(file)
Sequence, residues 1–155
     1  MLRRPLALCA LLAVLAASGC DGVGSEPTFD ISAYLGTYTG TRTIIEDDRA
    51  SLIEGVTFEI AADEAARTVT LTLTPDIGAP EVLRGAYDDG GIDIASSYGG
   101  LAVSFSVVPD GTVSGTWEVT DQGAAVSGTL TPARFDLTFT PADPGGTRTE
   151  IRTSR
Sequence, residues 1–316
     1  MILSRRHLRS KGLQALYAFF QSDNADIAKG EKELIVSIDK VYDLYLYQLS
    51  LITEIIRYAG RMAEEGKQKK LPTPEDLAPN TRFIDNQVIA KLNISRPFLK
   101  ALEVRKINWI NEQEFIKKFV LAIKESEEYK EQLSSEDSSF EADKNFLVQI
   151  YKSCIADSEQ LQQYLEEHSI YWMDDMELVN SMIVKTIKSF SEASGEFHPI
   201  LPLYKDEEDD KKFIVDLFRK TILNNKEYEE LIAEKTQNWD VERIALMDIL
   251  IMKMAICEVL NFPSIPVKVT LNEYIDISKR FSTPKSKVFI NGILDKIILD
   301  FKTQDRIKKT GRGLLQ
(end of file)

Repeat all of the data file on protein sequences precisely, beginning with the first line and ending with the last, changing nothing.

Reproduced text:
Sequence, residues 1–155
     1  MLRRPLALCA LLAVLAASGC DGVGSEPTFD ISAYLGTYTG TRTIIEDDRA
    51  SLIEGVTFEI AADEAARTVT LTLTPDIGAP EVLRGAYDDG GIDIASSYGG
   101  LAVSFSVVPD GTVSGTWEVT DQGAAVSGTL TPARFDLTFT PADPGGTRTE
   151  IRTSR
Sequence, residues 1–316
     1  MILSRRHLRS KGLQALYAFF QSDNADIAKG EKELIVSIDK VYDLYLYQLS
    51  LITEIIRYAG RMAEEGKQKK LPTPEDLAPN TRFIDNQVIA KLNISRPFLK
   101  ALEVRKINWI NEQEFIKKFV LAIKESEEYK EQLSSEDSSF EADKNFLVQI
   151  YKSCIADSEQ LQQYLEEHSI YWMDDMELVN SMIVKTIKSF SEASGEFHPI
   201  LPLYKDEEDD KKFIVDLFRK TILNNKEYEE LIAEKTQNWD VERIALMDIL
   251  IMKMAICEVL NFPSIPVKVT LNEYIDISKR FSTPKSKVFI NGILDKIILD
   301  FKTQDRIKKT GRGLLQ